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COVID maths: All the world’s virus in a drink can

Reuters, February 15, 2021 7:00PM Kids News

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An artist’s impression of SARS-CoV-2 virus particles, which cause COVID-19. media_cameraAn artist’s impression of SARS-CoV-2 virus particles, which cause COVID-19.

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All the COVID-19-causing virus circulating in the world right now could easily fit inside a single soft drink can, according to a calculation by a UK mathematician whose sum* exposes just how much devastation* is caused by minuscule* viral particles.

To make this calculation, Bath University maths expert Kit Yates used global rates of new infections with the pandemic disease, together with estimations of viral load — how much of the virus there is in one place, such as in each infected person’s body. He worked out there are around two quintillion SARS-CoV-2 virus* particles in the world at any one time. Two quintillion is two billion billion.

Detailing the steps in his calculations, Dr Yates said he used the diameter* of SARS-CoV-2, at an average of about 100 nanometres, or 100 billionths of a metre and then figured out the volume of the spherical virus.

Even taking into account the coronavirus’ projecting spike proteins (the pointy bits that stick out from the ball shape) and the fact that the spherical* particles will leave gaps when stacked together, the total is still less than in a single 330ml soft drink can, he said.

“It’s astonishing to think that all the trouble, the disruption, the hardship and the loss of life that has resulted over the last year could constitute* just a few mouthfuls,” Dr Yates said in a statement.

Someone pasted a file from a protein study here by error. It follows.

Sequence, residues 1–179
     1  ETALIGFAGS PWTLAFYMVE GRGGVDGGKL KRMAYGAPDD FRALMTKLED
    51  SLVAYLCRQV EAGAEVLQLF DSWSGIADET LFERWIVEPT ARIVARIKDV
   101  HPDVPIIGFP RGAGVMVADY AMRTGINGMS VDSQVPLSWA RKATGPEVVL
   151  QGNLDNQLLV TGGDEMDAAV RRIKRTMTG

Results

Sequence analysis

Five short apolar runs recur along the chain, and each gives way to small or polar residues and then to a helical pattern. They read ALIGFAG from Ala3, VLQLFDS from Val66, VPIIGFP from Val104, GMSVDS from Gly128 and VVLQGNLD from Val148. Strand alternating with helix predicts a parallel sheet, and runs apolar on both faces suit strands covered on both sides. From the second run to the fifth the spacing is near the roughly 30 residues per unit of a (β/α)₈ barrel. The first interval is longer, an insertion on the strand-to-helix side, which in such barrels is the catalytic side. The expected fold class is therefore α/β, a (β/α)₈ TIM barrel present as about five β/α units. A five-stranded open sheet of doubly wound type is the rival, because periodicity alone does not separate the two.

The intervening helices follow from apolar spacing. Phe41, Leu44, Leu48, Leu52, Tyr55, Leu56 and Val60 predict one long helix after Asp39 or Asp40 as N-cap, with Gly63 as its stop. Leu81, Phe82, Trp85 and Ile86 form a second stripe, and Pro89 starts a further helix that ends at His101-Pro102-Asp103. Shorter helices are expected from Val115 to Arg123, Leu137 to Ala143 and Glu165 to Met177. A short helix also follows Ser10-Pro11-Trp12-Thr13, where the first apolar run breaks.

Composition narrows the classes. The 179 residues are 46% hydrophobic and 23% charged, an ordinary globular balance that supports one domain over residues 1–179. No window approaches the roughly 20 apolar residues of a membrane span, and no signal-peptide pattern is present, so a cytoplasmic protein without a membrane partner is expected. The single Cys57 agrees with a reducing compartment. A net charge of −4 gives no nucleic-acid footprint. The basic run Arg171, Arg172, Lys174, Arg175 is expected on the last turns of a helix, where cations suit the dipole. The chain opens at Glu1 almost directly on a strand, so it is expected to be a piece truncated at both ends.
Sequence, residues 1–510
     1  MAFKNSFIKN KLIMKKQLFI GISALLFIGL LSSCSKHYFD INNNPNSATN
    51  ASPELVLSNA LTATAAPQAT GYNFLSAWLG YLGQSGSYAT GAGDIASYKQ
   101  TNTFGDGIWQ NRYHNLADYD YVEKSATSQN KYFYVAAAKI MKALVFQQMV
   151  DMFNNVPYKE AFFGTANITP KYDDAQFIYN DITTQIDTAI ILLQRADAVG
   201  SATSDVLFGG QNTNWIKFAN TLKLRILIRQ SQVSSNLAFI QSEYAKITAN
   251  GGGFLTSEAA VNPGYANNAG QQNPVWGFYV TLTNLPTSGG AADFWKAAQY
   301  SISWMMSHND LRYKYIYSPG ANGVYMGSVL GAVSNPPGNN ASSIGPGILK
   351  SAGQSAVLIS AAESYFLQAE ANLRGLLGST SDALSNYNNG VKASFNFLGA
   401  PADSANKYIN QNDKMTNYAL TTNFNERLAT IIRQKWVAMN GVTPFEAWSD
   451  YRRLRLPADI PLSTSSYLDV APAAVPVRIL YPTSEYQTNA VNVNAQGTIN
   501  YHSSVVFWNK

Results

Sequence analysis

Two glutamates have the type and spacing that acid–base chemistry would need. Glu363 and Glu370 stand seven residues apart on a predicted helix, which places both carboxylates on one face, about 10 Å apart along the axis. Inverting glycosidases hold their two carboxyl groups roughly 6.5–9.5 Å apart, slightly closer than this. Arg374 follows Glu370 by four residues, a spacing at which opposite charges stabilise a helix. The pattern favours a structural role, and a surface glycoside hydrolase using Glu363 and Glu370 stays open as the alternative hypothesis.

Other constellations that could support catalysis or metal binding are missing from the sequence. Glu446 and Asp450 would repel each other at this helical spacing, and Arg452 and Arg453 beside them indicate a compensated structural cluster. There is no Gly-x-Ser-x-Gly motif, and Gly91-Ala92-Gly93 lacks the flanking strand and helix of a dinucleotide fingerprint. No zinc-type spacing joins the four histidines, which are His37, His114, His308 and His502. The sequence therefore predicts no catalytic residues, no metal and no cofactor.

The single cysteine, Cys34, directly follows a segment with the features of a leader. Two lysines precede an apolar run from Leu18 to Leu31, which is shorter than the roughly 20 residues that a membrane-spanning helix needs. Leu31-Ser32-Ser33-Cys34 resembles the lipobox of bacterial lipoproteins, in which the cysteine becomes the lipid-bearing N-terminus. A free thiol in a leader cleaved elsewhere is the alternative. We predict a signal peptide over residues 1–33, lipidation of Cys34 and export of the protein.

More than 2.34 million people have died in the COVID-19 pandemic so far, and there have been almost 107 million confirmed cases worldwide. As of February 15, Australia has had 28,898 confirmed cases and 909 people have died.

media_cameraThe volume of a standard can of soft drink is 330ml, which would be more than the volume of all the SARS-CoV-2 virus particles in the world right now.

GLOSSARY

  • sum: the total of things added together
  • devastation: damage, usually meaning lots of it or very serious
  • minuscule: tiny
  • SARS-CoV-2 virus: the virus that causes the disease COVID-19
  • diameter: distance across a circle or sphere
  • spherical: sphere or ball shaped

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QUICK QUIZ

  1. What is this story about?
  2. Who is Kit Yates?
  3. Describe the shape and features of a SARS-CoV-2 virus particle.
  4. How many people have had COVID-19 around the world so far?
  5. How many people have had COVID-19 in Australia?

LISTEN TO THIS STORY

CLASSROOM ACTIVITIES
1. Design a COVID-19 ‘DANGER’ Can
With all the COVID-19 particles in the world able to fit in one soft drink can, your job is to design a label for a can to warn people just how lethal that can is! It can’t have too much writing, but the letters, colours and symbols you choose to use should convey that this can is very deadly!

Share your designs with your classmates.

Time: allow 20 minutes to complete this activity
Curriculum Links: Visual Arts, Design and Technologies

2. Extension
Work out the percentage of people who have died from COVID-19 in Australia, of the total number of confirmed cases of COVID-19 in Australia. To do this divide the number of deaths by the total confirmed cases and then multiply by 100. You can use a calculator to do this.

Answer at the bottom of this page.

Time: allow 10 minutes to complete this activity
Curriculum Links: Mathematics

VCOP ACTIVITY
Punctuation Thief
Pick a paragraph from the article, or about 3 sentences together if that’s easier, and rewrite it without the punctuation. At the bottom of the page write a list of all the punctuation you stole and in the order you stole it. For example; C , . C .

Then swap your book with another person and see if they can work out where the punctuation needs to go back to.

Make it easier: Underline where you stole the punctuation from but don’t put the list at the bottom in order.

Make it harder: Don’t put the punctuation in order at the bottom.

Underline where you took the punctuation from, but don’t tell them what pieces you took.

Just tell them how many pieces you took, but not what they are.

Don’t give them any clues!

HAVE YOUR SAY: What maths calculation would be fun to know the answer to?
No one-word answers. Use full sentences to explain your thinking. No comments will be published until approved by editors.

2. Extension answer: 909/28898 x 100 = 3.14 per cent

Extra Reading in mathematics